Part conscious trip amidst a hyper-real world.
Delving into a Wooden Shijps album is like being Sam Beckett in Quantum Leap. Taking a drastic step into an unknown place that might be better or worse than where you left off. Itâs always different and frequently in the past, and once youâve been there, you know you can never go back to how you were before.
The band has always been an interesting concept in retroactive modernity. Formed back in the mid-2000s in San Francisco as a part-time project of Moon Duo frontman Ripley Johnson, who determined to bring together a band of non-musicians to play avant-garde jams. Four albums later and numerous global tours for the better, their heady sound has amassed an ever-growing band of followers and leads us to their latest release V.
The album opens up like a Pacific beach wave, enveloping you in its midst with an undulating rhythm and warm fuzz. The sounds are overlapping and gracious to the listener, and the only way to tackle it, is to dive right in. Accessibility and their playlist-potential are clearly not concerns of the band. Album opener 'Eclipse' begins with an incessant beat, but with an apparent lack of pop song structure or hooks, it takes the form of one long continual jam. A form continued throughout the album.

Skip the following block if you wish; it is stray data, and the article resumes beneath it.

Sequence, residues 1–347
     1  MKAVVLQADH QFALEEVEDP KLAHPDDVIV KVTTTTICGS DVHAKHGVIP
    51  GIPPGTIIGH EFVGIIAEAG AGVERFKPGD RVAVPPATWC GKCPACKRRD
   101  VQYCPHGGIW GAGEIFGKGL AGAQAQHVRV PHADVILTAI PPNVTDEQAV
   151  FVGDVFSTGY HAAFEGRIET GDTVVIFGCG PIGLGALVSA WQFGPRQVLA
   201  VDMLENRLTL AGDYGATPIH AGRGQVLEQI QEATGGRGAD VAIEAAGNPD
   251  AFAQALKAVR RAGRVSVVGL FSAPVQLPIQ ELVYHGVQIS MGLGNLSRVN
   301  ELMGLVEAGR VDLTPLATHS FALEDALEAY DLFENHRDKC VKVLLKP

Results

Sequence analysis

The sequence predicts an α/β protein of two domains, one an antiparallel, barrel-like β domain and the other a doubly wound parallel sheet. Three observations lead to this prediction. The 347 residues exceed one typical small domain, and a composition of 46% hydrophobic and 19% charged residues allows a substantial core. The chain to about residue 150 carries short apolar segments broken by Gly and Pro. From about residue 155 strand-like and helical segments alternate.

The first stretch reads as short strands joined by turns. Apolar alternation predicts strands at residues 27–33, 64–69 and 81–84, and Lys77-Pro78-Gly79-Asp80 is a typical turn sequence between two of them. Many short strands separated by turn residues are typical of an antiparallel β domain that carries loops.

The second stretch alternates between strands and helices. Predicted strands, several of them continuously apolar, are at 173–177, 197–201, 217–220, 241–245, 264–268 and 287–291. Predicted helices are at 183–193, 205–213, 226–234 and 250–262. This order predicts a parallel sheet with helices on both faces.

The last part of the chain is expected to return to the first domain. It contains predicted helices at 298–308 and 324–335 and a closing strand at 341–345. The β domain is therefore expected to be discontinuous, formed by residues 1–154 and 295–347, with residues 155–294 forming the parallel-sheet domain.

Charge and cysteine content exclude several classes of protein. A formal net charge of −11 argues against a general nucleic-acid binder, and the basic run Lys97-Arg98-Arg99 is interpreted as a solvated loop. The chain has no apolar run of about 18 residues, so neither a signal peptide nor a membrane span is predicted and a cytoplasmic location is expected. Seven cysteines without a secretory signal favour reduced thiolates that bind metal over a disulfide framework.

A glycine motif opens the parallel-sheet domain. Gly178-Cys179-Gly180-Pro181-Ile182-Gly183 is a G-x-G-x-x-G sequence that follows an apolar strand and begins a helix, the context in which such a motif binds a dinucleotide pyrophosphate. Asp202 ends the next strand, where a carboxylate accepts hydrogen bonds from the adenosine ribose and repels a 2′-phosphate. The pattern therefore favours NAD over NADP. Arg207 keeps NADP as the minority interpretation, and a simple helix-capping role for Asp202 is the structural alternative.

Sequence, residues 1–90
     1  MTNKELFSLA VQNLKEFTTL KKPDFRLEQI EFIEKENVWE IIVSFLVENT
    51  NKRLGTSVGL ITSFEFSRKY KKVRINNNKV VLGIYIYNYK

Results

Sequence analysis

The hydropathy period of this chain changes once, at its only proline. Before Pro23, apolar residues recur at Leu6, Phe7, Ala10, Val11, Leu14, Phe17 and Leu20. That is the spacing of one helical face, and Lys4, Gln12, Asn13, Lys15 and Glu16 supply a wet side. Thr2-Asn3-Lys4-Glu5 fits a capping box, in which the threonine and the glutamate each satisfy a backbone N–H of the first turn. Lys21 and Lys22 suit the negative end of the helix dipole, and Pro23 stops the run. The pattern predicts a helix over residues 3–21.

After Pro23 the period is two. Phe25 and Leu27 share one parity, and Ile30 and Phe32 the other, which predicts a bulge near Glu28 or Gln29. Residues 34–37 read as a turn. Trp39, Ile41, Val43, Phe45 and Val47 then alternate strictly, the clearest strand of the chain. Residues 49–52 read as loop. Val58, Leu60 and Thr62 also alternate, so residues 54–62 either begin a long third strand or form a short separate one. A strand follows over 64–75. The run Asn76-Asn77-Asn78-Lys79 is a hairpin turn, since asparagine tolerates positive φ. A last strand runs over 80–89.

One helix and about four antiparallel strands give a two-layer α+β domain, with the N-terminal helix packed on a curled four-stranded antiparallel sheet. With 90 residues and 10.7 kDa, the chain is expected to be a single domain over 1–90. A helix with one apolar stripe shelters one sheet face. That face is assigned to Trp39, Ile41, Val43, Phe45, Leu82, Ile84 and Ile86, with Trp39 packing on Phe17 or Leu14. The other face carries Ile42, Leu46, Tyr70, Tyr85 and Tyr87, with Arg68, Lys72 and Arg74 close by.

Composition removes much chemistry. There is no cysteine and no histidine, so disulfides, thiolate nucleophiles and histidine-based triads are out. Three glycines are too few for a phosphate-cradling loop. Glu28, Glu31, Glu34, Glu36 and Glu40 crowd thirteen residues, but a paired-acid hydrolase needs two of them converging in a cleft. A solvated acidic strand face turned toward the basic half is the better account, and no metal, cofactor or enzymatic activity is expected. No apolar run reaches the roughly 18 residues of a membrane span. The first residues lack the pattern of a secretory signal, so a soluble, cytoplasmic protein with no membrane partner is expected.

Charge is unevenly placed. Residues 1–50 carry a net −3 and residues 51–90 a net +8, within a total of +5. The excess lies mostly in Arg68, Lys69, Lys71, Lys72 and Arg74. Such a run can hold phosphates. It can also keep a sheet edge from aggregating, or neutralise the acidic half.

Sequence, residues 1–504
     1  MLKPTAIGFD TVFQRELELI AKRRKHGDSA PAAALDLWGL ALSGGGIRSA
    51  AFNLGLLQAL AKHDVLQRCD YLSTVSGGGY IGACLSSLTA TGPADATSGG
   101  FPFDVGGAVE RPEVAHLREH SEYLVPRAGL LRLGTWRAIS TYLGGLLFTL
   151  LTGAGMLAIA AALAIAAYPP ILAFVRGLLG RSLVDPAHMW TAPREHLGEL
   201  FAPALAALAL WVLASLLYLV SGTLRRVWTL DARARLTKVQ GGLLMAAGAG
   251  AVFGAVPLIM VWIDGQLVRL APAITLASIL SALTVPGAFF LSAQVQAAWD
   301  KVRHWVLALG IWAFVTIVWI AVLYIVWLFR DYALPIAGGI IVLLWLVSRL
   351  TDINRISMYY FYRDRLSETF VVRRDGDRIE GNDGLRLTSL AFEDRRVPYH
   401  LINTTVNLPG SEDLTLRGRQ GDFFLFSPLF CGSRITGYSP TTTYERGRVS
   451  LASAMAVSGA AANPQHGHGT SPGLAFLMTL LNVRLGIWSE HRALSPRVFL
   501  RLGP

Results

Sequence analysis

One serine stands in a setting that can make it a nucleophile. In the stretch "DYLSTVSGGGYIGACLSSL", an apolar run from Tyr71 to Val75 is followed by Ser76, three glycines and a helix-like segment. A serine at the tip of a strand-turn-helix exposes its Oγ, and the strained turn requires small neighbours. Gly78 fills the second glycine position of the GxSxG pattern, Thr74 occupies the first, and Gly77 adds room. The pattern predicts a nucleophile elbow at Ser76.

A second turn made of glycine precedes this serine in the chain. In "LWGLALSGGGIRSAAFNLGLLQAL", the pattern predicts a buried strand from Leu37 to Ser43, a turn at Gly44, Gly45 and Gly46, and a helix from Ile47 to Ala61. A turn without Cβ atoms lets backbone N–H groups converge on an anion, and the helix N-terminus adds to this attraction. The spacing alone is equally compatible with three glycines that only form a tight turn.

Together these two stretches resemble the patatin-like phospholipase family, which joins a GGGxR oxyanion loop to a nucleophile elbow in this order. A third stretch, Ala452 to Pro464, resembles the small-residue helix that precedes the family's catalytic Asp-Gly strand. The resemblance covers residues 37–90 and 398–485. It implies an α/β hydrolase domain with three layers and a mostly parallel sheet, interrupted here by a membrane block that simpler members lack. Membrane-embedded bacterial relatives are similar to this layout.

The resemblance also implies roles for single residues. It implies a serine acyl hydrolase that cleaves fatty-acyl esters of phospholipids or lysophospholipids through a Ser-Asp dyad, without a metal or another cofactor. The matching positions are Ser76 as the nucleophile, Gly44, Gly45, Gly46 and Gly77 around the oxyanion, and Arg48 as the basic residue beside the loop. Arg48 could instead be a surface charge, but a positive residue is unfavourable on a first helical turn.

Whispy, dreamy vocals and soaring lead guitar drift into view, before fading quickly back to the foundation of fuzz and synth lines, that after just a few minutes begin to intoxicate and subdue. Lyrically, the listener can choose to delve into the themes of modern America and California wildfires, or simply sit back and let the vocals wash away like the rest of the flowing sounds. Occasionally spikes of a heavy drum line or guitar section shake the listener back to the present, but like that wave, the moment is short and before long, the sound slopes back to its steady pace. The album, for the most part, is concise, considered, and natural. A sound this laid-back can only be heavily laboured in its creation. And all for the better of the audience.
Lazy comparisons to 60âs psychedelia are only partly true, for this is something more. Sure the palette might be easily recognisable, with smacks of Arthur Leeâs Love and The Band, but their 6+ minute jams feel more like Can, or some obscure Captain Beefheart sans vocal. Itâs the sound of Wooden Shijps operating freely without the confines of worrying about how they are received or whether a certain track deserves to stand out. Maybe itâs that exhibition of 60âs freedom in essence that most shines through in the album, but whatever it is, the sound is a welcome dose of part-conscious daydreaming in a hyper-conscious world.